Descriptions of animals that hunt other animals efficiently by camouflaging themselves

Descriptions of changing environments

Descriptions of animals that have not adapted to their environments

Descriptions of animals that defend themselves by looking like things in a stable environment

Correct answer:

Descriptions of animals that defend themselves by looking like things in a stable environment

Explanation:

In order to infer what likely “preceded,” or came before, this passage, we should take at what the passage is talking about right when it starts. The passage’s first sentence says, “The examples of protective resemblance so far quoted are mostly permanent adaptations to one particular sort of surrounding.” The “so far quoted” means so far said or provided and tells us that the writer has been talking about “examples of protective resemblance.” This means that the writer most likely discussed “animals that defend themselves by looking like things in a stable environment” in the part of the book that comes right before the passage.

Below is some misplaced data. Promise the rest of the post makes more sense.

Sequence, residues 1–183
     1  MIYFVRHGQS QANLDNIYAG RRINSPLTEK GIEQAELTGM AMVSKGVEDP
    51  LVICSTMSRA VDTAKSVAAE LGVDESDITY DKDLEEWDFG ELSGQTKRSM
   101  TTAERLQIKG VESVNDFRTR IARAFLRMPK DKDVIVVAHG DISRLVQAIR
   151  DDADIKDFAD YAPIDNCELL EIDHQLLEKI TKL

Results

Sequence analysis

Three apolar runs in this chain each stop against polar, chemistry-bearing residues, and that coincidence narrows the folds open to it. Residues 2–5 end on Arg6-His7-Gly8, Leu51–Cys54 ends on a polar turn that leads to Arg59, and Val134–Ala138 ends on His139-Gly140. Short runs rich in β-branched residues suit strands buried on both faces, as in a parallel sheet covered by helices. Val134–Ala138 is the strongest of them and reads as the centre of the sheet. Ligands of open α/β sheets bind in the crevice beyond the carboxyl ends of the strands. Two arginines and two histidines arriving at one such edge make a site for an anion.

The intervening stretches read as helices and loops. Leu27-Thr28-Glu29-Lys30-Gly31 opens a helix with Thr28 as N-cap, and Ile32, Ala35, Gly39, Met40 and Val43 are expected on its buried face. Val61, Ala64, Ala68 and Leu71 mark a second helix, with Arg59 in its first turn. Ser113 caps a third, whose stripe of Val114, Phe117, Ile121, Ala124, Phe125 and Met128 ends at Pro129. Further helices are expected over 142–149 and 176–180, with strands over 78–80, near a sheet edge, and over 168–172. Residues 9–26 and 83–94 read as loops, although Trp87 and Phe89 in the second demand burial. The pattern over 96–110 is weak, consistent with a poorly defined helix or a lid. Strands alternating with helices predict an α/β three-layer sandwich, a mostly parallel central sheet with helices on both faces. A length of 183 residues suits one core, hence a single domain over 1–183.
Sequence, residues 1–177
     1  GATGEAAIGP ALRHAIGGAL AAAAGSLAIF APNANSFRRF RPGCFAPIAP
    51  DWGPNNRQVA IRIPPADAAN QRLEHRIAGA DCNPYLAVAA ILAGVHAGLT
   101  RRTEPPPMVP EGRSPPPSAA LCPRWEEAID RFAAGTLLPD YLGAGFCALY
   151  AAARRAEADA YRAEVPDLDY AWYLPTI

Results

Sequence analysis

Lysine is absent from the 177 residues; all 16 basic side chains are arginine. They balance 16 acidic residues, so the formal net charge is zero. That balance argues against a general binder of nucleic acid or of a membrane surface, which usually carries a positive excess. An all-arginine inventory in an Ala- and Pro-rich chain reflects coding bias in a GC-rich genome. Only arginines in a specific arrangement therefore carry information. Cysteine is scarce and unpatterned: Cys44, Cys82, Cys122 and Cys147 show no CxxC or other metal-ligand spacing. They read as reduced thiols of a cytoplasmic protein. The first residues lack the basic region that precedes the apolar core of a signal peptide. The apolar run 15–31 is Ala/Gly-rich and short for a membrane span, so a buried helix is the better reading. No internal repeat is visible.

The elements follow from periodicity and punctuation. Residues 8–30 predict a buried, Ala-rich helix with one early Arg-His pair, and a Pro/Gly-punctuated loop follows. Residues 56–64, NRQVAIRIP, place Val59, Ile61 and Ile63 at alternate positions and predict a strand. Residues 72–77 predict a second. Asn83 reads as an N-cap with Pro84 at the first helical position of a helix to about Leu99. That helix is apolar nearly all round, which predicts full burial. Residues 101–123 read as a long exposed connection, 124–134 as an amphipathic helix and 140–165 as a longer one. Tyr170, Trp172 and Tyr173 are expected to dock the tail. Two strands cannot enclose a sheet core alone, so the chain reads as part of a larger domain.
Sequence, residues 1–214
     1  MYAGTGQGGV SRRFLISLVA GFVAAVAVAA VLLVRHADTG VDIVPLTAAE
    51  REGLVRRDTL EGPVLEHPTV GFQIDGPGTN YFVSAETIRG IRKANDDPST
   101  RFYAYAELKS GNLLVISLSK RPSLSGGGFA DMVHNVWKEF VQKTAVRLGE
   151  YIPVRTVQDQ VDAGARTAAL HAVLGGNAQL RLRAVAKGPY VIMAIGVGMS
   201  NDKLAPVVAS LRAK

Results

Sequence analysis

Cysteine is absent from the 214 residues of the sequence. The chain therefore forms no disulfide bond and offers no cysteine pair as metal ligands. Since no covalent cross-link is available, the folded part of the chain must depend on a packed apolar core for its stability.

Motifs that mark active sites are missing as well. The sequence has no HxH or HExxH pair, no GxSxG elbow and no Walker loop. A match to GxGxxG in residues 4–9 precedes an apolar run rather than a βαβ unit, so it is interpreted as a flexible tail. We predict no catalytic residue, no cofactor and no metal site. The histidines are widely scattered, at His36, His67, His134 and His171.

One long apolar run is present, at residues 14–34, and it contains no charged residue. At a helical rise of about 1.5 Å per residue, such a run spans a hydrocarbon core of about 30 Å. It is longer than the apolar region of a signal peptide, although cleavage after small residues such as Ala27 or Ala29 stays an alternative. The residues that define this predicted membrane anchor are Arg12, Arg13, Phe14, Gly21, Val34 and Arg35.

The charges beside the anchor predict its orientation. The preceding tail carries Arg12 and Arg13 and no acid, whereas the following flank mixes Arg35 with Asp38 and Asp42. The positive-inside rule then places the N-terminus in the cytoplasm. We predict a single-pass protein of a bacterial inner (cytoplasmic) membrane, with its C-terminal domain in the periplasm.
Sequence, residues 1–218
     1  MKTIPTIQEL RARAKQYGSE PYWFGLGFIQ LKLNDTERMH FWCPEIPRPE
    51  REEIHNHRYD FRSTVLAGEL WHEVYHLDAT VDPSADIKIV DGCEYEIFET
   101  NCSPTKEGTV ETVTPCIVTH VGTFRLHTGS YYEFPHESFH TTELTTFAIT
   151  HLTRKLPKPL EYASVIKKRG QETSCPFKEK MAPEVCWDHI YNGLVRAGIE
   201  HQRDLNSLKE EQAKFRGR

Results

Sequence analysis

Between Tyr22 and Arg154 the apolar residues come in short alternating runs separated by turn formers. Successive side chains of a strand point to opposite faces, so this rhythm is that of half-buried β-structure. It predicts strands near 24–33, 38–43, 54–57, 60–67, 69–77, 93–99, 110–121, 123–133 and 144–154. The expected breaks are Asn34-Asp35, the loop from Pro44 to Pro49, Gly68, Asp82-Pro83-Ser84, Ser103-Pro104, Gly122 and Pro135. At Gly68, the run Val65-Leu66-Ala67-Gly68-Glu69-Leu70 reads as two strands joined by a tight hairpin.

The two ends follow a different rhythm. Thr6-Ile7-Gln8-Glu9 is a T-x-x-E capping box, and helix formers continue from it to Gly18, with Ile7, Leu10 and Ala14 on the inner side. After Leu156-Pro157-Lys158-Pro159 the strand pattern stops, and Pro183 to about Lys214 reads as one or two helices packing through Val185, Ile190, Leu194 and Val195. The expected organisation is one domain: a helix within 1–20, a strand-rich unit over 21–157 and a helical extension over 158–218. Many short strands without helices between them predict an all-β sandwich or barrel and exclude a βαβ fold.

Example Question #21 : Inferences And Predictions In Narrative Science Passages

Adapted from Volume Four of The Natural History of Animals: The Animal Life of the World in Its Various Aspects and Relations by James Richard Ainsworth Davis (1903)

The examples of protective resemblance so far quoted are mostly permanent adaptations to one particular sort of surrounding. There are, however, numerous animals which possess the power of adjusting their color more or less rapidly so as to harmonize with a changing environment.

Some of the best known of these cases are found among those mammals and birds that inhabit countries more or less covered with snow during a part of the year. A good instance is afforded by the Irish or variable hare, which is chiefly found in Ireland and Scotland. In summer, this looks very much like an ordinary hare, though rather grayer in tint and smaller in size, but in winter it becomes white with the exception of the black tips to the ears. Investigations that have been made on the closely allied American hare seem to show that the phenomenon is due to the growth of new hairs of white hue.